Blast from the Past: A Water-Powered Acetylene Engine by Blast from the Past
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An interesting proposal for an alternative fuel. Calculations seem to neglect the weight of the water needed to be carried for the Acetylene production and for the capture.
If the weight considerations work out, the single biggest drawback is the production of CaC2 from coal. Unless an alternative source can be worked out (e.g . from biomass) I don't see how starting this would affect climate change.
Perhaps interesting for trucks?
Is it more reasonable to go this route than switch to an electric fleet and de-carbonise electricity generation? More needs to be said about the challenges to this innovation and how they would be overcome. This is more important for such a disruptive technology.
This is an interesting proposal. Importantly, it must be made clear why this is not a perpetual motion machine. The energy use/generation in the cycle described need to be described.
One barrier to entry not described is the required infrastructure changes. This would probably be significant and would reduce the speed at which the technology could be adopted, and would increase ultimate costs.
Thank you for your submission to the Climate CoLab. The Judges were impressed with your proposal thus far, and felt it was well-articulated. They suggest shortening the introduction, and better addressing the scalability of the approach.
They would recommend giving ranges for how much carbon you expect to be able to capture instead of only stating the maximum. Under Section III you mention that 'most of the CO2 was captured' - it would be better to give a percentage.
Also, have you confirmed that you would actually be able to generate enough energy to drive a car? How big would the engine need to be to do this, and what would it weigh?
Jun 14, 2016
We thank the reviewers for their comments and have revamped our proposal in accordance to the suggestions. Below, we have attached a summary of the changes.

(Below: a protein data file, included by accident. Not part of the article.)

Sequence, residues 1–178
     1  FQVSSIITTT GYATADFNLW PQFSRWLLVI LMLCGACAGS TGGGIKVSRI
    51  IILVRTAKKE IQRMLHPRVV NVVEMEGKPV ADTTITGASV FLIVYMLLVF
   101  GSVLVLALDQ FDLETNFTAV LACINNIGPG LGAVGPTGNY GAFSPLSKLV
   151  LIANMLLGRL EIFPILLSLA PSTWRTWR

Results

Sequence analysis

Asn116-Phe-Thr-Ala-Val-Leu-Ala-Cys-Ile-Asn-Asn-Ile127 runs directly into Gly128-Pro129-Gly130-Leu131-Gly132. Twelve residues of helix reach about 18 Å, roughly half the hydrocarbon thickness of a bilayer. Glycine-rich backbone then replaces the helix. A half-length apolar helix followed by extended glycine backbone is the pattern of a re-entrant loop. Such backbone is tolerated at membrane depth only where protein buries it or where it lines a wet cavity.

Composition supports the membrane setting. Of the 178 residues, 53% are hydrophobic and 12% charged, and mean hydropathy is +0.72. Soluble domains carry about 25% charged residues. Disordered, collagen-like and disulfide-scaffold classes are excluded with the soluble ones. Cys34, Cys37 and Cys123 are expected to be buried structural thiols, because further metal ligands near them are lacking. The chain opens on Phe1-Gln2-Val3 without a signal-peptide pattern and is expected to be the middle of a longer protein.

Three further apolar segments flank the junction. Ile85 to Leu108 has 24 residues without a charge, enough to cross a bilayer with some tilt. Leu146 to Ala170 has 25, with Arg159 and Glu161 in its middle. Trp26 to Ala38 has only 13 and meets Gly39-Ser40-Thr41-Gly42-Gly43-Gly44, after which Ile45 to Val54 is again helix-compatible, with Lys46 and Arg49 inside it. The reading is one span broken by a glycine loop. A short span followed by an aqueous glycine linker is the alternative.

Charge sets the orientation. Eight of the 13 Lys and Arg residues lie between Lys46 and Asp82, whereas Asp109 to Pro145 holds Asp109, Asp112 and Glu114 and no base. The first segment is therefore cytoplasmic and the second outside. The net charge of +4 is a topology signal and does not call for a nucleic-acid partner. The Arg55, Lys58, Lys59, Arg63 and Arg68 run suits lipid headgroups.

We have shortened our introduction to our action plan in the summary. The scalability of the action plan is illustrated in a sample city of Paris (France). This includes a demonstration of an ecosystem to establish the use of calcium carbide as the fuel source of the future in “Where will these actions be taken?” This was immaculately detailed in a calcium carbide grid that is linked to renewable energy sources in the schematics.
Under Section III, we have included a reference of the percentage of the CO2 that can be captured on site at the factories and also a gauge of the amount of carbon dioxide that is captured in vehicles in a single tiered system, where a development of a multi-tiered system is envisaged to almost completely remove the CO2.
We demonstrated with the aid of a figure that the energy generated by calcium carbide per unit volume is greater than gasoline, giving 50% more mileage than the common gasoline engine. This is illustrated in “What actions do you propose? IV Functional Advantage in Energy Efficiency Comparison”.
We are targeting a retrofit of the fuel tank in the engine. The fuel tank as such can remain in the same configuration of a common sedan car, maintaining at a volume of 40 L. It will not weigh significantly different from the present engines, with the change increasing the weight by 58 kg. This is illustrated in “What actions do you propose? IV Functional Advantage in Energy-to-weight ratio in gasoline and CaC2 engines”.